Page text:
EU, spell out internal disagreements 

(originally posted as a comment at Margot Wallström's blog)

It is a sad political moment. Two types of reactions should be distinguished:

1) What would we like to happen next? It seems pointless to proceed with ratification. Neither will France and the Netherlands overturn such big No-majorities in a second referendum, nor is there now any chance for a Yes-vote in the UK. DK, CZ and Poland also seem rather unlikely. Therefore the procedural improvements over Nizza - voting rules for example - should be secured by a different, much less ambitious treaty, the constitutional treaty as such should be put on ice, to wait for a better day.

2) What can we realistically hope to achieve? Some proposals are unrealistic, for example the idea of a Europe-wide constitutional referendum. How could this possibly be 'communicated' in countries that have scheduled their own national referendum already?

All this talk of listening to the population - how can that actually work? Proceeding more slowly would be wrong - in some cases self-damaging (Lisbon agenda), in others unfair (further extension). Yet I agree with the section of sean's comment above where he writes

"It is now apparent that various countries want various kinds of Europe. The attempt to build a kind of superstate on these shaky sands of compromise is what has led to this disaster; you can no longer square the circle of France versus Britain, old Europe versus New, south versus north etc. You can certainly no longer hide behind obscure phrasing in treaties to fudge these issues, as you have hitherto done."

I believe that we need the courage to spell out the internal disagreements and accommodate them institutionally, even though this will always favour the side that wants less integration. But without doing so, there is a lack of honesty towards the population, for example towards those left-wing opponents of the constitution (decisive in France) who think that much more EU-wide harmonisation of taxation and social policy is a realistic option. Ambiguity of goals is a deadly premise when we want to let the people make the decisions.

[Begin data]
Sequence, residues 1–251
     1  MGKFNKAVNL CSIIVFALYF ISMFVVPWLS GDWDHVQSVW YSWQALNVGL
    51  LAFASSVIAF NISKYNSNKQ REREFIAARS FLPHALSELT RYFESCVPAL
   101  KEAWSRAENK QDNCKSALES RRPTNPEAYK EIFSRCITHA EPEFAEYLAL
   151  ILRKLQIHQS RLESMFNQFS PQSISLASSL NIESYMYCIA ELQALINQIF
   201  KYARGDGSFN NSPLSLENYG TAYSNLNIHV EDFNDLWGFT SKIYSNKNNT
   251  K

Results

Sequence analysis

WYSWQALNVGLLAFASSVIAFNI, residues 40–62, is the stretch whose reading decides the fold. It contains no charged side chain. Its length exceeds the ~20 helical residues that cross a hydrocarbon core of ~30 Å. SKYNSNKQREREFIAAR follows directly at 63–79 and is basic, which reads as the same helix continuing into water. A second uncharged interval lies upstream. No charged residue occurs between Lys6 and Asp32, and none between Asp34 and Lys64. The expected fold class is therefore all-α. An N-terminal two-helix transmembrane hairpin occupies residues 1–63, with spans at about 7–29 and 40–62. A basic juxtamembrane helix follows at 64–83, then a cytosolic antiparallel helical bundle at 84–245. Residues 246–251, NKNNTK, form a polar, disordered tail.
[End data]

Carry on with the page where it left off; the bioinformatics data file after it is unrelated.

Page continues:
Hamma gsehen, wasfür ein Sauerei der Volltrottl Gaugg jetzt auf sich hat?


Nietzsche: 'God is Dead' - Netherlands (et al.): 'Europe is Dead'
Just as the bystanders in the market-place smirked in amusement at Nietzsche's madman as he ran around in broad daylight holding a lantern and asking where God is (for they no longer believed in God), voters in Europe can expect to be approached by their politicians and asked what they have done to Europe. Of course, the governments know exactly what has been done -- Europe has been killed, and they have killed it. But as the story goes, it isn't necessarily a bad thing. For, in its current form, the EU has encouraged the illusion that there are particular truths (promoted as universal) that all must accept. So like God (as construed then), Europe as currently conceived is dead -- which actually translates as meaning, not Europe per se, but the current understanding of Europe is dead. The idiom about a baby and bathwater comes to mind here. The madman was last seen heading East of the Elbe, next stop, Poland?

Jordan Seidel
Warsaw, Poland

No comment from me on Gaugg, really, I have my limits.


If there were no particular truths that all can accept, albeit it only procedural ones, then we could not have a democracy:
"Such a society can be well-ordered by a political conception of justice so long as, first, citizens who affirm reasonable but opposing comprehensive doctrines belong to an overlapping consensus: that is, they generally endorse that conception of justice as giving the content of their political judgments on basic institutions; and second, unreasonable comprehensive doctrines (these, we assume, always exist) do not gain enough currency to undermine society's essential justice." (Rawls)
Disappointment merely leads us to be even more pessimistic about the extent of that overlap than before.

According to Sam Huntington: “[T]he fundamental source of conflict in this new world will not be primarily ideological or primarily economic. The great divisions among humankind and the dominating source of conflict will be cultural.” I agree with you that an overlap is needed...the question is whether or not Europe's internal overlap (i.e. integration) should be along the lines of interests or of values?

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